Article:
There are two homes you see in several of my pieces, one is referred to as “The Lemon House” sometimes (the house in “The Parsonage” and the other is sometimes referred to as “The Saxon Home” (the house in “If I could”) . The Saxon home is literally falling apart, which makes it that more interesting, but sad…It is my dream home, although I will never own it. Another home in some of my pieces is actually a museum and is haunted if you like that sort of thing. There are still many homes I have yet to photograph that are beautiful old homes. I just love the Victorian era and I guess that is the style of a lot of these homes.
I really love this town, I feel like it is “home”.
|Welcome to Bville|
|Christmas on Main|
How did you become interested in using Brooksville as a subject for your work?
It all started with “The Saxon Home” , I was so in love with it, I just had to photograph it. Then of course I knew the resident of “The Lemon House” and asked if I could photograph it. Then as I was admiring the photos one day my daughter walked up behind me and said, “You should make a cityscape of our little town of Brooksville.” My mind started reeling. A few weeks later “Welcome to B-ville” was unveiled, just in time for my first art show ever. Art in the Park in Brooksville .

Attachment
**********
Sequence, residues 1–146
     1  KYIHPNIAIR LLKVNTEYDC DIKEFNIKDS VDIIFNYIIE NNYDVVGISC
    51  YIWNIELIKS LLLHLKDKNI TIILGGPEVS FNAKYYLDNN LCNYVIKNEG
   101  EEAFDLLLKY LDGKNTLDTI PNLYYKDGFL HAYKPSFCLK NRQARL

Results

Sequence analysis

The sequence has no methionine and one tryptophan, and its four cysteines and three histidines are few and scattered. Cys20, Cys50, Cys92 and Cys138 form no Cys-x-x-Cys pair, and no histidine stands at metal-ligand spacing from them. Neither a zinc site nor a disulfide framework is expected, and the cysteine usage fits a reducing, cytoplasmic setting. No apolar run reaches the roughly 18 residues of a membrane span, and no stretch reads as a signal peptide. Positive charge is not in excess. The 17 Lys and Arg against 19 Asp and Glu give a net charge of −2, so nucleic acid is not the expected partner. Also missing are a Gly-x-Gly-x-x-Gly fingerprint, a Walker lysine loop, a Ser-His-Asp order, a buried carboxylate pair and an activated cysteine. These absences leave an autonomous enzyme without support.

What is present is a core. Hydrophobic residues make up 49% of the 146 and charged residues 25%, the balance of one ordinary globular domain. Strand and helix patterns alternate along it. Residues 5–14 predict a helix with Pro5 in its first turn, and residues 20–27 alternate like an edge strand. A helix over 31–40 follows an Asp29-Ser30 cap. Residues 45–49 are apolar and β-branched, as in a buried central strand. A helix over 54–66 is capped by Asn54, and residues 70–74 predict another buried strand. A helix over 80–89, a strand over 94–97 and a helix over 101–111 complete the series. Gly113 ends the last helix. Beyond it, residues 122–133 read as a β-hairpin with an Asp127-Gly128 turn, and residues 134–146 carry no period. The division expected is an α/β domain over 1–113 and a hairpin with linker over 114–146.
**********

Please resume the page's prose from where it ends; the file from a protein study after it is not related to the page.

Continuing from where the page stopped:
It was such a huge hit that I have just continued with the theme. The Brooksville pieces are one of the biggest sellers in our little café downtown “The Rising Sun Café” ,which is the focus in the second of the Brooksville series.
I do love this town, we are struggling (businesses) but we have hope. Our biggest attraction to the town of Brooksville was The Christmas House which closed a few years ago, it was sad, and it has hurt our community. But we try to support each other. The Rising Sun Café has done a great job of supporting the local artists and farmers by displaying many different talents in their café , they rotate artists to display, and have been a big part of our Brooksville market every Saturday for local vendors to set up and offer their products to the community.
When I viewed, “Lyrical Beauty,” I felt there were so many possible interpretations to the picture. Was that intentional? If you had a specific meaning in mind, does it bother you if the viewer has a different interpretation?
Absolutely not, that is my greatest joy to create something that can have so many different meanings. I have had people in tears telling me what a certain piece means to them, while others just shake their head. Its just like poetry, the many interpretations is what makes you want to read it over and over….makes it more interesting to talk about.
But don't worry if you don't get it....you are not always supposed to, that is what makes it fun, the "Why?"
I just recently had a customer ask to be put into the “Zooscape” piece. This piece was a request from my oldest daughter who had just finished college with a zoo animal technology degree, so it was just a silly, fun creation. But this customer saw it as a representation of his life….he said he feels like he lives in a zoo most of the time, and it showed the chaos of his kids, grandkids, work, etc. So I incorporated him and his family into the piece and it hangs in his office. I found this funny, but interesting that such a silly piece still spoke to someone in someway.
Would you mind telling about 'Freedom Dancer'? How did you create this image?